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Camchain without the pain?
When your camchain needs replacing dont pay for an expensive engine strip just have a soft link camchain fitted
for around £150 including a carb balance.
Get you home
Always carry some tape and a bootlace in your bike toolkit so that you temporarily repair a broken throttle cable
assuming that it has broken at the top end of the cable. This tip could save you having to wait for the AA.
Stall or fall?
While riding in Yorkshire I saw a bike that was going up a very steep hill give way to a car that was coming down
it. Unfortunately he stopped on some gravel and the bike started to slide backwards with the front wheel locked
up. After two desperate dabs with his boot down he went, complete with wife and luggage.
If you ever find yourself in this position stall the bike, this will stop you
sliding backwards. Once you have steadied yourself apply the back brake (don't touch the front) start her up and
away you go.
Fitting new handlebars
One little tip (something I never payed attention to) If you change your hanblebars, don't forget to make 2 little
holes in them, otherwise you mess up your switch units for the lights and high beam (like mister intelligence here
did). Have fun.
(Vlieger - aka Mr Burns)
To get chain lube off your rear wheel
To get chain lube off your rear wheel without damaging the paintwork,My wife found that Mr Muscle kitchen cleaner
works a treat.Spray it on and leave it a couple of minutes and wipe off with a cloth and warm soapy water.The lemon
one smells nice too.
(Rocky and Clare Burton)
Easy front wheel removal/replacement
When removing the front wheel also remove the front brake lever or place a block (wood or some such) between the
lever and handlebars. When you remove the front wheel,the slightest squeeze on the front brake lever will cause
the brake caliper pistons to push out making it almost impossible to replace the wheel. Believe me, I've had experience
of this on other bikes and it's not fun. Stop the lever operating - that way the brake calipers can't move. Five
minutes can save you hours of struggling when refitting the wheel.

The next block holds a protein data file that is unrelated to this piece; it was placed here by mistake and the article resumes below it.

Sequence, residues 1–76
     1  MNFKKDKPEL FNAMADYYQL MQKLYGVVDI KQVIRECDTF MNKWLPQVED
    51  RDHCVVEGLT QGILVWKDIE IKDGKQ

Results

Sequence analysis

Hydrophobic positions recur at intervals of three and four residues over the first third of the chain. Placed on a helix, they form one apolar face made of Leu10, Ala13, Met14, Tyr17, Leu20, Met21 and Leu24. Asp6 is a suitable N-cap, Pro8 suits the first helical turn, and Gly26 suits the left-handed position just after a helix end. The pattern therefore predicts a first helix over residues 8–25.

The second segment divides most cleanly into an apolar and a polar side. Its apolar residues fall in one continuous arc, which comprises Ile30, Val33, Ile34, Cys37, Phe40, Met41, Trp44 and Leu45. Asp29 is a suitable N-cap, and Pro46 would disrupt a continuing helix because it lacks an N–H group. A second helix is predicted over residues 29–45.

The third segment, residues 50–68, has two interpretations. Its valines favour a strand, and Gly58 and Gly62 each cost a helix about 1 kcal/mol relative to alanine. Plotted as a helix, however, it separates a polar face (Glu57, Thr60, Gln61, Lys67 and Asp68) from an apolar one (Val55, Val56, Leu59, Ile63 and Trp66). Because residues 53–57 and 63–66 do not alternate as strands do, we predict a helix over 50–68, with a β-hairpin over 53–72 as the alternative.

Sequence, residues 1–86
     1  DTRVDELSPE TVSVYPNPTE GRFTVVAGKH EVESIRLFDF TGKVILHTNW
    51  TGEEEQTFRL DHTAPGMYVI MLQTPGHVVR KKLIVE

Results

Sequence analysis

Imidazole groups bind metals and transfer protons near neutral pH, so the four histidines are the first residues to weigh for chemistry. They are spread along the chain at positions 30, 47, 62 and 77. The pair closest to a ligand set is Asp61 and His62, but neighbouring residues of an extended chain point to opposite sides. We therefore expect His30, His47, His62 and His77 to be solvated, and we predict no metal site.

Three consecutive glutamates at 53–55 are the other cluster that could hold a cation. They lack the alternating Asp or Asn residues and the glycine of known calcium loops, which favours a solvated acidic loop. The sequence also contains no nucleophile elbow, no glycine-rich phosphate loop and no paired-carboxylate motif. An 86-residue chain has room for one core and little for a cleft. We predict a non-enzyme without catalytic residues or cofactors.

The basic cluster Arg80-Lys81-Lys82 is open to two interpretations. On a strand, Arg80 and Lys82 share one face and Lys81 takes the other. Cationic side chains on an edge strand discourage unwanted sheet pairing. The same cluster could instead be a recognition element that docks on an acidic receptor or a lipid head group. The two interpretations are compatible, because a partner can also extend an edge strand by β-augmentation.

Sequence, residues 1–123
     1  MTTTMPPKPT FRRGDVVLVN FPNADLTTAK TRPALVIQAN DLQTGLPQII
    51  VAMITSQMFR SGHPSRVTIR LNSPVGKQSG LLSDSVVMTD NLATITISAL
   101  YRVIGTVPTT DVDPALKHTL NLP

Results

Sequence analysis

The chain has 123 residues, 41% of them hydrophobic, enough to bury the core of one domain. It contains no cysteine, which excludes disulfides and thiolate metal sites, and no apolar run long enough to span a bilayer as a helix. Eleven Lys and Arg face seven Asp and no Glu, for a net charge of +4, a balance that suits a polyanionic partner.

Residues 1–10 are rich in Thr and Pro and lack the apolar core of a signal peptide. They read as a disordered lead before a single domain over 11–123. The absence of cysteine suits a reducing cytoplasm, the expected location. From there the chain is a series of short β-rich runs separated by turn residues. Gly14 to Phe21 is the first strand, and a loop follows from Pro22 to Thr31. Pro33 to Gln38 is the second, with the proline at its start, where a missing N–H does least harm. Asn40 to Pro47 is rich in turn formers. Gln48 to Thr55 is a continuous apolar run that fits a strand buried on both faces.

(Rocky and Clare Burton)
When you stop for a fag and it's a bit chilly, stuff your gloves in near the engine, it's heaven when you put them
back on (for a couple of miles anyway).
Heat up stuck joints
When you're trying to release engine parts and they just will not budge, don't give up. And leave the hammer in
the toolbox. Nine times out of ten a little heat applied to the right spot with a blow torch will expand the metal
enough to allow the parts to be seperated.
Pamper them porkies
If you get freezing fingers in winter, buy heated grips. In Belgium they start at 12.5 pounds (yeah right) and
go to 150 pounds (real Honda ones). I've got a pair for 41 pound - warm hands year in, year out - even at the Elefanten
for 3 years with freezing conditions (-12°C).
Oil change blues
When changing engine oil, always make sure you refit the sealing washer to the drain bolt. If you don't there is
a chance that the bolt will loosen and drop out, resulting in all your lovelly oil being dumped on the road. And,
don't overtighten the bolt - the sump (pan) is easily cracked. I have already changed two on my sevenfifty! The
thing is that the thread where the bolt goes in is made from some sort of aluminium and it is only about one centimetre
After washing your bike, give it a good spray over with a good water dispersant spray like WD40. Not too much -
just enough to coat the surfaces. Not brakes or you can kiss next Christmas goodbye. This will extend the life
of your bike's good looks no end.
When your sat in a stationary queue of traffic
When your sat in a stationary queue of traffic, keep watching your rear-view mirror. Leave yourself an exit, to
move to in case a dozzy idiot runs into your tail.
Buy cheap - buy twice
Lookout for Pongos
Never follow livestock carrying vehicles, or military troop carrying vehicles as neither are fitted with 'inflight
facilities', and you run the risk of being covered in all sorts of waste body fluids.
Let mugs try new stuff first
They can test it for you. Meanwhile stick to what is tried and proven. If new ideas work, you can start using them
later. Those new ideas will be cheaper then too.
String - a low tech solution that really works
Attach a length of string to your Disc lock or wheel chain, then wrap it round your mirror/startswitch, Natural
instinct will be to see what its attached to, You'll never try to ride off with your lock still in place.
The only thing a flashing indicator proves is that the bulb works - never pull out just because someone indicates.
Remember they're out to get you!
Mr Honda very thoughtfully provided useful holes on the top of the CB's side panels. Use them to fix Cable Ties
to secure the side panels to the top rails. This second line of defence may prevent the loss of a side panel to
a thief or vibration. Also it makes things just a little more awkward for opportunist robbery. But remember to
carry a pocket knife or similar in case you ever need to cut them on the roadside.
To stop the chain adjuster nuts from becoming corroded, slip a piece of silicone or rubber hose over them. Then
whenever you need to adjust the chain, just pull off the hose and the nuts will be nice and clean, and easy to
undo! I have blue silicone hose, to match my blue bike, looks kinda cool!
Staying on the right side of the road
When you're riding on the continent it is too easy to forget yourself and out of habit revert to riding on the
'wrong' side of the road. A simple reminder is to either paint a border of nail varnish around the edge of the
right hand mirror or stick on a paper arrow. The nail varnish has the advantage of not obscuring any of the view,
but you feel a bit daft asking your misses if you can borrow her Boots Red Super Glossy.